An Arizona bill that would require transgender people to use the bathrooms of the sex listed on their birth certificates and other documents has been signed into law by Gov.
The bill is the latest example of President Donald Trump’s efforts to pass and enforce policies that have drawn swift condemnation from LGBTQ advocates.
The Arizona bill, AB 654, was introduced in 2017 by State Rep. Chris Holbrook and passed the Arizona House last year but was blocked by a veto by Govs.
Doug Baca and Doug Dicken.
But last week, the state Senate passed AB 656, which was approved by the House last week.
The legislation also authorizes the state’s Department of Public Safety to issue guidance for state law enforcement on how to handle transgender people and requires that police officers in the state adhere to a transgender-inclusive nondiscrimination policy.
AB 664 was signed into the Arizona Legislature on Tuesday.
The governor’s office confirmed the bill had passed the House, but did not provide additional details.
Holbrook said he was happy to see it become law.
“It is a big step in the right direction, and I’m pleased that Arizona has finally made this an issue,” Holbrook told The Associated Press by phone.
“This is a step toward a larger and more inclusive state.”
Holbrook’s bill would prohibit the state from denying or rescinding an individual’s rights because of their gender identity, but would not require police officers to enforce the state law, which is not yet in place.
Holborn, who is openly gay, said he has been approached by people wanting to come forward and help in the fight against the law, but is not ready to do so.
Holberg told the AP he would like to see the law expanded to include other forms of discrimination, like housing discrimination.
Holberton’s bill is similar to a measure passed by the Arizona legislature last year.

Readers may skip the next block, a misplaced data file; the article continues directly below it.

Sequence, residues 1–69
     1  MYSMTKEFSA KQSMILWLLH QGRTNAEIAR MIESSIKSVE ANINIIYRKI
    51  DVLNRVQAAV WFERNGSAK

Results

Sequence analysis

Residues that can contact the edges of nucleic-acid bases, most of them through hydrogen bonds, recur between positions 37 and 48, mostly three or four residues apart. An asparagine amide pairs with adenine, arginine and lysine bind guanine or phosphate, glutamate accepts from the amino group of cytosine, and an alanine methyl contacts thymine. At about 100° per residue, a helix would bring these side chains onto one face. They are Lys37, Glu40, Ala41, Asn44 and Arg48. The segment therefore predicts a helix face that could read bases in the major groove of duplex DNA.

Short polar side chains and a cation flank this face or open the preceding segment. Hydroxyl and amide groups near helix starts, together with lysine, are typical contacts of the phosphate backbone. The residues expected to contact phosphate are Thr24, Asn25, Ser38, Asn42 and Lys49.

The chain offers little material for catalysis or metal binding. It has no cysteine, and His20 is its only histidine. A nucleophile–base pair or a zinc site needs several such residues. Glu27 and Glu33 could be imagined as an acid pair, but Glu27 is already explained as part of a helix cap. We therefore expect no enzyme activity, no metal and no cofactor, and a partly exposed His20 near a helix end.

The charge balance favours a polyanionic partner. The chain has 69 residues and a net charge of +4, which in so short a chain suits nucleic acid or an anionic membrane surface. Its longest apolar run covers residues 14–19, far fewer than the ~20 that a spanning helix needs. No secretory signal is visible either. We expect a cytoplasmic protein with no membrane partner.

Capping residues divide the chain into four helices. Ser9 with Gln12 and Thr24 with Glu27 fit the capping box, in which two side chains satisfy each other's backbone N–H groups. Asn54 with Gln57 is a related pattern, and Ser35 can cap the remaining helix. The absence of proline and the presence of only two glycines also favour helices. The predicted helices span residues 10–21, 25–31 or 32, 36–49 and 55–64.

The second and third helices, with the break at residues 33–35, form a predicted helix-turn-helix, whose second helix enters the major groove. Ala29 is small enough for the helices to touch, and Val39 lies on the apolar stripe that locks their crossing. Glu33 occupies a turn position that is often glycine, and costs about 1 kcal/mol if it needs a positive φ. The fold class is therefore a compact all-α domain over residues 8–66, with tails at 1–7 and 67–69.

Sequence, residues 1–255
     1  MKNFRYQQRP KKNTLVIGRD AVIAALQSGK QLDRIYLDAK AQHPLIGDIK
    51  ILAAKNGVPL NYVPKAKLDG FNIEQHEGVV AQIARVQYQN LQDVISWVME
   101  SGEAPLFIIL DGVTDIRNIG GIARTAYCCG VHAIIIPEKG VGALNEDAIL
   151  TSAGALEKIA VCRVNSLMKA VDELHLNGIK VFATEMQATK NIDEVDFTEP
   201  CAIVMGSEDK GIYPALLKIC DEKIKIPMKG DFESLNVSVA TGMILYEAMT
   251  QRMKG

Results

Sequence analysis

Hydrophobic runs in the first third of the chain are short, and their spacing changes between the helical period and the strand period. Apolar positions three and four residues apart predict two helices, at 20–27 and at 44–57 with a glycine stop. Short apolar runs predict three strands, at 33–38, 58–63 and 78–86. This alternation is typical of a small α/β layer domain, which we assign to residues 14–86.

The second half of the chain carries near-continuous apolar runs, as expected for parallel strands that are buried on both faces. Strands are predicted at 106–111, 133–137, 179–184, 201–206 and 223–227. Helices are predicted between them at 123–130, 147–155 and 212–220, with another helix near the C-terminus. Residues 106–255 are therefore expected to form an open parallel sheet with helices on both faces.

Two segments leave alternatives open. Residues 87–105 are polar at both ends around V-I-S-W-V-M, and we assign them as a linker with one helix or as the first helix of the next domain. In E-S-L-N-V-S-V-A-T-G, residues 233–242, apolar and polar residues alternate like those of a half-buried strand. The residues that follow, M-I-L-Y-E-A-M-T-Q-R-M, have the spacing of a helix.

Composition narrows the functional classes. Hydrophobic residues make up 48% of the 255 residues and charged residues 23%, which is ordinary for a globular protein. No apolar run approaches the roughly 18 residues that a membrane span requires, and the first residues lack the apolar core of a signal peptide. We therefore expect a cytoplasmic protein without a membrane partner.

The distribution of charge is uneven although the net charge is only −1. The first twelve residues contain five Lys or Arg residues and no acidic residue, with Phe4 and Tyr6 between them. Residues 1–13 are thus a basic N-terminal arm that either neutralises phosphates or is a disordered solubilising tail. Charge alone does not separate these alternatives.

That law, House Bill 1062, would have prohibited the state of Arizona from enforcing a law that “in any manner discriminates based on gender identity.”
The law was vetoed by Baca, who told the Arizona Republic he would veto any law that he believed would be used to discriminate against transgender people.
Holbrot said the bill passed both houses by wide margins, but it could have been more easily defeated.
“We’re getting some good support from both houses of the legislature,” Holbroton said.
Holbreton’s legislation would not be the first to require that people use restrooms and locker rooms that correspond with their gender identities.
Several other states have enacted similar legislation in recent years, including California, Mississippi, New Jersey and North Carolina.
A similar bill passed in New York earlier this year, and the National Conference of State Legislatures, an advocacy group, has urged other states to enact similar laws.
“There’s been a lot of pushback from the public and from LGBT people in the last couple of years, but this is something that is very much in line with the transgender community,” Holbret said.
The AP’s Mary Louise Kelly contributed to this report.